Israel’s new president, Reuven Rivlin, made waves recently with his appraisal of the continued rise of racism in Israel. The Jerusalem Post reported on a conference entitled, in part, “Acceptance of the Other,” and which took place, ironically, on a Jabotinsky Street (named after the openly fascist Jewish supremacist who wrote openly about colonizing and excluding the native Arab population of Israel from any state-founding projects). Rivlin’s comments were reported as follows:
The time has come to admit that Israel is a sick society, with an illness that demands treatment, President Reuven Rivlin said at the opening session on Sunday of a conference on From Hatred of the Stranger to Acceptance of the Other. …
Rivlin wondered aloud whether Jews and Arabs had abandoned the secret of dialogue. With regard to Jews he said: “I’m not asking if they’ve forgotten how to be Jews, but if they’ve forgotten how to be decent human beings. Have they forgotten how to converse?”
The longtime analyst of the Israel-Palestine Conflict Mitchell Plitnick has written a useful summary description of Israel’s new president. While still adhering to illegal and intolerable policies, Rivlin’s willingness to acknowledge some degree of Palestinian humanity is refreshing.
Here is Plitnick, describing both the good and the bad in Rivlin:
Rivlin opposes a Palestinian state and a two-state solution. He supports settlement activity. He believes Israel is the national home of the Jewish people. Yet he has also spoken out more forcefully than most Israeli politicians against what he himself has described as widespread “racism and arrogance” that Arabs encounter from Jews in Israel. He believes that Arabs should have the same rights under the law as Jews, and does not pretend that they do. He acknowledges the Arab connection to the land and strongly believes that Arabs are an indelible part of Israeli society that is being willfully marginalized, something that must be reversed. He believes in freedom of speech and that this freedom very much includes Palestinian views, as he demonstrated when he defended MK Hanan Zouabi from one of the many attempts by other Knesset members to boot her from office and even have her brought up on criminal charges.
Plitnick also offers useful contextualization for situating Rivlin in the recent generations of Israeli politicians, starting with the obvious fact that no party in Israel has been interested in permitting Palestinian statehood under any conditions or negotiating a peace deal. While Israeli domestic propaganda holds that the Labor party has long sought some kind of peace deal, this is a fairy tale. In reality, as Plitnick describes,
neither Labor nor Kadima was ever really serious about a two-state solution. Ehud Barak’s “generous offer” had the capital of Palestine being in Abu Dis, which they could rename Al Quds (the Arabic name of Jerusalem) if they wished, and offered next to nothing on refugees, while dividing the West Bank into three main Palestinian cantons barely connected by thin strips of territory. That was Labor’s big offer.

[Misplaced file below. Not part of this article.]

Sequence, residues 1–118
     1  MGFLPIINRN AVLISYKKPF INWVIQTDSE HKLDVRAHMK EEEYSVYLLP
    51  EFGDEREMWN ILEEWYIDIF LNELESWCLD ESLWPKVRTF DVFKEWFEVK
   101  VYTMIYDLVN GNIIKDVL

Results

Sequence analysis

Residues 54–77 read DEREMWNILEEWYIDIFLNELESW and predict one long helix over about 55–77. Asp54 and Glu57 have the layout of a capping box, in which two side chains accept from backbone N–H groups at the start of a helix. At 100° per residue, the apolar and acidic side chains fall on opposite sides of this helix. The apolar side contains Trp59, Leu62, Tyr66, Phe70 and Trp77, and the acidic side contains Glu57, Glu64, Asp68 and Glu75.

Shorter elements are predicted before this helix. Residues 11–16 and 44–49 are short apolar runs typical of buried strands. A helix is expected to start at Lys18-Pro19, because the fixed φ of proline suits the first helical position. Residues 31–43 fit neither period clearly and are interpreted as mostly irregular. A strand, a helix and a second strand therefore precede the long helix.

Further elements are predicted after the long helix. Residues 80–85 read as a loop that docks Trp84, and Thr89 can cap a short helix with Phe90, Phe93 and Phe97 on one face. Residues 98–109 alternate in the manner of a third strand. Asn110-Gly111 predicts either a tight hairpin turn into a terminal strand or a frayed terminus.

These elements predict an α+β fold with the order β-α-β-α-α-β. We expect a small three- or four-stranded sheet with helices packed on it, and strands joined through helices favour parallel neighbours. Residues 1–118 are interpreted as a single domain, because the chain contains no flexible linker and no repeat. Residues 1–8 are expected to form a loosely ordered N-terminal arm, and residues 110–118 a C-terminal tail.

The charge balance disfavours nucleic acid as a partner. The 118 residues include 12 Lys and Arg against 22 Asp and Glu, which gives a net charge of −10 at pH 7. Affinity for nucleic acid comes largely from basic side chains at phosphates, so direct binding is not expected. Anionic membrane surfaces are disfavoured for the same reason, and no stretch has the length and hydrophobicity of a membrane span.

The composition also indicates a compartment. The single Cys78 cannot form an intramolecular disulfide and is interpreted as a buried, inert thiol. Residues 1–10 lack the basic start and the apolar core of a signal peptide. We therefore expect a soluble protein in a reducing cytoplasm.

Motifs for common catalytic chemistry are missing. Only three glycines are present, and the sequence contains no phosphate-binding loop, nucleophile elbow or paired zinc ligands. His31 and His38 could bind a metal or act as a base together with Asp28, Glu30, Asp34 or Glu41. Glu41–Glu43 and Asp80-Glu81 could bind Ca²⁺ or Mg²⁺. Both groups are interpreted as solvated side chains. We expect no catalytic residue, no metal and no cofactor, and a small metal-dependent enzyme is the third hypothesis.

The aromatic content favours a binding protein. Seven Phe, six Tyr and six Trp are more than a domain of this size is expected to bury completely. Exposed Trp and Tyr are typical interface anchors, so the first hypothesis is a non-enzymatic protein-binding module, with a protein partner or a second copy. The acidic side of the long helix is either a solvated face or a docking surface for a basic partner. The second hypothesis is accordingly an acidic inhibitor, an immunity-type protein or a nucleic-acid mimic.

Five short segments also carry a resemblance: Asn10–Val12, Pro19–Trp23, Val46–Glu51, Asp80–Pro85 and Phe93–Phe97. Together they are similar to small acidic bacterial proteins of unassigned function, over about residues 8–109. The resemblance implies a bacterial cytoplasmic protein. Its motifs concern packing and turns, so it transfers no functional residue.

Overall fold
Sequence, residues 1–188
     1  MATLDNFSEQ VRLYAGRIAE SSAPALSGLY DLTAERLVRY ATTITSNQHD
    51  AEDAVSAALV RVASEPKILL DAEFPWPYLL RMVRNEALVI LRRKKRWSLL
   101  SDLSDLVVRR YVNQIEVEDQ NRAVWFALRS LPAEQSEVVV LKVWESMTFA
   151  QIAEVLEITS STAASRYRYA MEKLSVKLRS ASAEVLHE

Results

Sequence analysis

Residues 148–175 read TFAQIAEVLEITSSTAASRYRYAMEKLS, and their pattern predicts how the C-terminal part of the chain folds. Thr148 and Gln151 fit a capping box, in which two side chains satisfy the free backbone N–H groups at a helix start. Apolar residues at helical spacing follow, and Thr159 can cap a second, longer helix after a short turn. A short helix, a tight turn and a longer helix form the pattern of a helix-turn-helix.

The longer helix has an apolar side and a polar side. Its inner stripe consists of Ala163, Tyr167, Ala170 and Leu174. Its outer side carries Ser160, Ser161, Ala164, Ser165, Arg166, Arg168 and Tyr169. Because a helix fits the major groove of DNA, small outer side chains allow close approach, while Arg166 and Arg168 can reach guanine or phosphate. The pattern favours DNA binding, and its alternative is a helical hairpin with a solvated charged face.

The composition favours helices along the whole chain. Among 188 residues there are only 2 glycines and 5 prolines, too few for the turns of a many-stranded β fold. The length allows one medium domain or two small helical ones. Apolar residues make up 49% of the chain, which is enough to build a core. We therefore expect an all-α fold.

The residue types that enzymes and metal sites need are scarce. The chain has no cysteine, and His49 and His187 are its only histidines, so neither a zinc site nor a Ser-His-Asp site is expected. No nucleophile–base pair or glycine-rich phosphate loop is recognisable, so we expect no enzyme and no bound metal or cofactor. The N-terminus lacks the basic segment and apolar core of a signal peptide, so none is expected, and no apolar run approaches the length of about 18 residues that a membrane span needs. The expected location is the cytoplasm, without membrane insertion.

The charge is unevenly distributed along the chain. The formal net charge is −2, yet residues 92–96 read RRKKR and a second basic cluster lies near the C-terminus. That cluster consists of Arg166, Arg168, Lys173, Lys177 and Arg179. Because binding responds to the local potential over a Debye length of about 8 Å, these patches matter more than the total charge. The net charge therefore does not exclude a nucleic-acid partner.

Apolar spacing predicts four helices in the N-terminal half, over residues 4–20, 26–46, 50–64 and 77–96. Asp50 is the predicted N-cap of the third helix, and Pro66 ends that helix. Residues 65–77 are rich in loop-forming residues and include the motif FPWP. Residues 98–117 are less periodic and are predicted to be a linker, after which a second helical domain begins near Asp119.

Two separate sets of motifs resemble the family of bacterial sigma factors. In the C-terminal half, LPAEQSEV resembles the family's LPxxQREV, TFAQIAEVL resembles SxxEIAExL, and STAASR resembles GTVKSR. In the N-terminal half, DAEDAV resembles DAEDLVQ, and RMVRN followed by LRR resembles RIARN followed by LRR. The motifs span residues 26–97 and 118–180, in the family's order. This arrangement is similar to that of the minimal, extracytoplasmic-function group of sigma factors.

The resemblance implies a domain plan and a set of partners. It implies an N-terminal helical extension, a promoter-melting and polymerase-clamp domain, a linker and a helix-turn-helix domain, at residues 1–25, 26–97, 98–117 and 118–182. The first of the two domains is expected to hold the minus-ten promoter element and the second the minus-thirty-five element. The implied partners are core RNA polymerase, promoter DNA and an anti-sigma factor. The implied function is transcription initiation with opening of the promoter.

Kadima’s claims are a bit stronger, but still thin. Ariel Sharon, of course, formed Kadima in order to pursue his Gaza “disengagement” policy, in order, as Dov Weisglass so helpfully told us, to freeze the peace process regarding all the issues. His successor, Ehud Olmert, claims to have made a much stronger offer, which was thwarted by a combination of Abbas’ foot-dragging and the efforts of his own lead ministers, Ehud Barak and Tzipi Livni, undermining his work.
What we know for certain is that current Israeli Prime Minister Benjamin Netanyahu has been, by far, the most blatantly rejectionist of all Israeli Prime Ministers in the past twenty years, but all of them have seemed, to put it mildly, less than eager to strike a deal that could meet he bare minimum of Palestinian demands. And thus, the Oslo process collapsed.
Reuven Rivlin, a longtime leader of Likud politics was the Speaker of the Knesset and is now President of Israel. He had fallen out of favor in Likud because of his views on Palestinians, both in Israel and under the occupation. Netanyahu tried to prevent him from becoming president, despite the fact that the office is largely ceremonial. It is a platform from which ideas can be disseminated and injected powerfully into the public discourse in Israel. And Rivlin is using it.
[Rivlin’s] clear acknowledgment of the Kafr Kassem massacre of 1956, where 47 Arabs were slaughtered because they broke the curfew imposed on that village under Israel’s martial law. “Israel,” Rivlin said, “must “look straight at what happened in the Kafr Qasem massacre and teach all future generations about it…A serious crime was committed here and needs to be repaired,” It seems like a small thing, but such a clear and unqualified admission from an Israeli leader is most unusual. It was not a tragedy or a symptom of a cycle of violence. It was a crime.
That the Palestinians’ humanity can get some form of acknowledgment by a Jewish Israeli politician is a welcome sign. That Rivlin’s policy positions continue to reflect an utter disregard for Palestinians’ rights–as well as for established international law–remains entirely unacceptable.